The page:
Laurie’s List*: Five series we love to watch set in places we love to travel

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*Laurie’s List is a collection of things I think go well together, usually with some pictures I’ve taken. 

This Laurie’s List is actually four series and one movie, but hey, the movie has sequels so that counts, right?  It’s a—definitely incomplete—list of the shows we tuned into solely because they were set in areas where we loved travelling.

1.  New Orleans:  Treme (HBO), 2012-13, 3 Seasons, 36 episodes

When we visited New Orleans in February 2013, the city was decked out in its Mardi Gras finery. Most of my photos reflect the irrepressible, celebratory atmosphere of the  city. But eight years after Hurricane Katrina, you still didn’t have to look further than the side streets and the poorer districts to see how badly the city was ravaged.

Here’s a great summary for Treme: “… a compelling series about interconnected characters coping in the wake of the disaster.  Amidst music. In Orleans, it’s all about the music.”  Treme is still a hugely relevant and highly engaging series. And it’s got Steve Earle in it. ‘Nuff said.

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Live music is literally everywhere in New Orleans — including the beautiful City Park, home to the NOMA — the New Orleans Museum of Art.
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Personally, I think Mardi Gras decorations have Hallowe’en or Christmas decorations beat, hands down. Get it? Beat. ‘Cause it’s about the music…

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The balconies of the French Quarter are a photographer’s paradise at any time of year.
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Fun fact:  What we thought was a Mardi Gras parade turned out to be the filming of the last episode of Treme (and how we heard about the series!) That’s Steve Zahn (Davis) tucking a paper into his coat pocket on the right.

2.  The Black Hills:  Deadwood (HBO), 2004-06, 3 Seasons, 36 episodes

Shakespearean in its use of language and featuring the outstanding Ian McShane, Deadwood is a series I wish had never ended. Set in the Black Hills of South Dakota, the current town of Deadwood feels nothing like the show, but the surrounding region, which includes Devil’s Tower, Mount Rushmore and Crazy Horse Monument, has been one of our favourite RV-ing destinations so far.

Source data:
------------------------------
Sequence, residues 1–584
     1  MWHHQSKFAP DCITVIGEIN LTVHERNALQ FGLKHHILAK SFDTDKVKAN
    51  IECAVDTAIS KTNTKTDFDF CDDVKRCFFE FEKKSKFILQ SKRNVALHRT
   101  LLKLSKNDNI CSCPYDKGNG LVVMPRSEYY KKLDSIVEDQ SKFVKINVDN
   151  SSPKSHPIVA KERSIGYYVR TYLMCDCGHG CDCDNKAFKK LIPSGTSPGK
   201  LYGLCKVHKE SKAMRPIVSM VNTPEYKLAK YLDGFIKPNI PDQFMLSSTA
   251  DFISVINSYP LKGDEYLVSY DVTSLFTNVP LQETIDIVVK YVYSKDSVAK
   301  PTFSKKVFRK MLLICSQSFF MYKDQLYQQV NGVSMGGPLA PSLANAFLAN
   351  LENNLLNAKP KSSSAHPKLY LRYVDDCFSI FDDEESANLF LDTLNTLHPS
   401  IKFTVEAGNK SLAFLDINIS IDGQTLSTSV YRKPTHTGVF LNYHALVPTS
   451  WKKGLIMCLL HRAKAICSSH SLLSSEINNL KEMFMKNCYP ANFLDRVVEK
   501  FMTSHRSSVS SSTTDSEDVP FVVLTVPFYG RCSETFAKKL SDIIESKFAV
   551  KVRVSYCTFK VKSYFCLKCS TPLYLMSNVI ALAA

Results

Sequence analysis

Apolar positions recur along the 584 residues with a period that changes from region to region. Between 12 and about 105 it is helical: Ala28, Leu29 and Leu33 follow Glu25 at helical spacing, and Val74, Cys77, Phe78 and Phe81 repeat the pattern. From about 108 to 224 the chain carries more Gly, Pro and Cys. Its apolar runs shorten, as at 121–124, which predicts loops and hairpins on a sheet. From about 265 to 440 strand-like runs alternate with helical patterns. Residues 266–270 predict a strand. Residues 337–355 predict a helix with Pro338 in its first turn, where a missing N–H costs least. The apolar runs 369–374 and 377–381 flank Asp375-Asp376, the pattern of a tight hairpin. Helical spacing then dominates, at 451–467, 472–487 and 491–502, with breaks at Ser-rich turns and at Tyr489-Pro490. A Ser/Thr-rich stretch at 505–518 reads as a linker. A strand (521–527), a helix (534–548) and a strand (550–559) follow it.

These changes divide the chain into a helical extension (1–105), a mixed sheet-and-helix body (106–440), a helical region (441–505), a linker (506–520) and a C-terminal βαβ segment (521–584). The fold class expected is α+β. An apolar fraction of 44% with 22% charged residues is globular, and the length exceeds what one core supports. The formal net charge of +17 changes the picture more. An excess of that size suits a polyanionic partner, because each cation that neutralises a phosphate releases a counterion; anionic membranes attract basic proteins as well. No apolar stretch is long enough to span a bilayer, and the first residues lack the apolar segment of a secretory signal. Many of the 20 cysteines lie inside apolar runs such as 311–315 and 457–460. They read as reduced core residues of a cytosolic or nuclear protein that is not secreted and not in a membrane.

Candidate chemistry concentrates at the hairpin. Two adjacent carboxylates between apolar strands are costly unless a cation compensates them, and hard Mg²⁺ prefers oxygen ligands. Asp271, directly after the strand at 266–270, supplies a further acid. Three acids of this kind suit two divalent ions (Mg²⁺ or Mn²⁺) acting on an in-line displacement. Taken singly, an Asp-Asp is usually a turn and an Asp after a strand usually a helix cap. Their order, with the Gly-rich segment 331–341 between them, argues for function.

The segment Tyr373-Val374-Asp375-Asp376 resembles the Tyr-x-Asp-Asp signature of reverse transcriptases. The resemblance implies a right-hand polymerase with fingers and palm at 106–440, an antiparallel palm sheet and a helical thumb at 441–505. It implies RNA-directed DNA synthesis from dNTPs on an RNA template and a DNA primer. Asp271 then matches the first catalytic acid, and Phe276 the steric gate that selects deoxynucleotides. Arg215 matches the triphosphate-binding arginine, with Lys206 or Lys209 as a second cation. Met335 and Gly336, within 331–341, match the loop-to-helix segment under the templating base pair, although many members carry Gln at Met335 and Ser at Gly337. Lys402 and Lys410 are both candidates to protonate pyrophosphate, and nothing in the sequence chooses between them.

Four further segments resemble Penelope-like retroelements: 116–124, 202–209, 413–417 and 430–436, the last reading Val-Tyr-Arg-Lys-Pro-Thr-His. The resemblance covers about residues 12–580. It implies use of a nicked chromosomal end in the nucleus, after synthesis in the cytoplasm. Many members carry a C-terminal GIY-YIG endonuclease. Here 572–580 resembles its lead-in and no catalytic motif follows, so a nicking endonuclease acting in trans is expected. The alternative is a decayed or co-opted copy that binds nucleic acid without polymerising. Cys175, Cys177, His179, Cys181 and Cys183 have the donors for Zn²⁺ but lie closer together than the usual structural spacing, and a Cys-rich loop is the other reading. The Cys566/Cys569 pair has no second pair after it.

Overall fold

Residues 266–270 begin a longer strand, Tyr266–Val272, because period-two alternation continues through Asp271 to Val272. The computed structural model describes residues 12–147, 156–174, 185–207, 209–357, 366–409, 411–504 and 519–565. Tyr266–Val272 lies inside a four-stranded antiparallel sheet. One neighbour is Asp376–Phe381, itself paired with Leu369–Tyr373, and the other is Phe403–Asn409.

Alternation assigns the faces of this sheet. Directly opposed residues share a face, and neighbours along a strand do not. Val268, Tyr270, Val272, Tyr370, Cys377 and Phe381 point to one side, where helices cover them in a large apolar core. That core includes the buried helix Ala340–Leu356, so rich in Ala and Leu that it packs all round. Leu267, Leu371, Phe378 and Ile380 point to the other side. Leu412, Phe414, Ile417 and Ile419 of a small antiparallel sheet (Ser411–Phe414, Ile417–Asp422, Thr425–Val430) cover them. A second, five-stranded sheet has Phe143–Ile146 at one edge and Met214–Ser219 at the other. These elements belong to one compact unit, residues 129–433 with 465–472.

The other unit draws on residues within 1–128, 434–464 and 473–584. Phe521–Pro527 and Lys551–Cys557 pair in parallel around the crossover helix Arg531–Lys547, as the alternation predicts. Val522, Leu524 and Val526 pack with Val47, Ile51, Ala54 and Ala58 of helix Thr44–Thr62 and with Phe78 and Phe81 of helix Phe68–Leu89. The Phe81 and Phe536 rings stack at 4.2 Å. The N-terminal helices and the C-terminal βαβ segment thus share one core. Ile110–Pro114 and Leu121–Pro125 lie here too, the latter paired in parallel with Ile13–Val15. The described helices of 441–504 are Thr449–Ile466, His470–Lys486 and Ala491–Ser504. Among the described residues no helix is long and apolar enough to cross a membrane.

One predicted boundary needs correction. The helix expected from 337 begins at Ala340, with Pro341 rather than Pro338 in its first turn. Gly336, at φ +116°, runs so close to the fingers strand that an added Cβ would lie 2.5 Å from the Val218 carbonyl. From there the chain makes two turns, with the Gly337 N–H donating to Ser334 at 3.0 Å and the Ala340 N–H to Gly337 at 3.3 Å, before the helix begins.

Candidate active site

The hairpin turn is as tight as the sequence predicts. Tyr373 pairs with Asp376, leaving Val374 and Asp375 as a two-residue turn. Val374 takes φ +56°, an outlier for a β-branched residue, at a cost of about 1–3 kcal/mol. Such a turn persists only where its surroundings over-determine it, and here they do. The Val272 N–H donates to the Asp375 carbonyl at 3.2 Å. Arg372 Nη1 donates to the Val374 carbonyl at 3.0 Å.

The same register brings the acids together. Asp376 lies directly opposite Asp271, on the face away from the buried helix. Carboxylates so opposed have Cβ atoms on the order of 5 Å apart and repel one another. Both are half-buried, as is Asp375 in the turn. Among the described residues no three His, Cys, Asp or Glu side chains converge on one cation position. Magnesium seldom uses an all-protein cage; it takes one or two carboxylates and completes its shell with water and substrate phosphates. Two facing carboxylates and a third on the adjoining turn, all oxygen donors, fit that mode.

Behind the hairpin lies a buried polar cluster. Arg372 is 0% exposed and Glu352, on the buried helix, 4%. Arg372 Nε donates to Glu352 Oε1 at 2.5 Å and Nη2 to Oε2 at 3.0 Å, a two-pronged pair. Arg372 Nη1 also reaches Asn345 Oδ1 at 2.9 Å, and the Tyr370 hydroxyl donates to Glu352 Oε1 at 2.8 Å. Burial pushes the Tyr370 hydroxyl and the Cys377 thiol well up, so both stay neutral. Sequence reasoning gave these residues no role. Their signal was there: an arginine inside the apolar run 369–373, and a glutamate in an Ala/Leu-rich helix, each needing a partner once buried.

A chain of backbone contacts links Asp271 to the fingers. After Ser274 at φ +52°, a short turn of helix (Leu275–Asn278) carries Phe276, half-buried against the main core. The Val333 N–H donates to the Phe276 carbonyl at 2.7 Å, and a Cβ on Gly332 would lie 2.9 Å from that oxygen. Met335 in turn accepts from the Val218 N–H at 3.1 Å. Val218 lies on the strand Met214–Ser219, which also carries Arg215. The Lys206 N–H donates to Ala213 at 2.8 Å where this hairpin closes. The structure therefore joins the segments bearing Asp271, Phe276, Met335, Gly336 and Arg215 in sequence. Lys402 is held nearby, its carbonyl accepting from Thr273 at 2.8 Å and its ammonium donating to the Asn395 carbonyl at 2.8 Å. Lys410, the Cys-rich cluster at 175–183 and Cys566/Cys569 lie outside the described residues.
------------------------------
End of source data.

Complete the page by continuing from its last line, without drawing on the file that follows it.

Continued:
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Deadwood is a destination tourist town dedicated to celebrating the days of the Wild West.
Devil's Tower
Aahh, Devil’s Tower. Imagine standing beside the tree in the foreground to get a sense of this dramatic basalt plinth jutting up from the earth.
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The massive and incomplete Crazy Horse Monument. They are currently working on his pointing finger. (For scale: The faces of Mt. Rushmore would fit under his arm.)
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Fun fact: In July 2018, HBO gave the green light to a Deadwood movie reprising the original cast.  Tentatively scheduled to air in Spring 2019. Be still, my beating heart.

3.  Florida: Bloodline (Netflix), 2015-17, 3 seasons, 33 episodes

I thought this series did a great job conveying the hot, steamy nature of the south end of the state. It is a definitely relentless drama, but it has some good black humour. And after reading a number of Florida authors Carl Hiassen and Tim Dorsey’s more comic tales of panhandle misadventures, I could totally buy Bloodline‘s twisting saga of fishing charters, family feuds, shady dealings and disappearing bodies.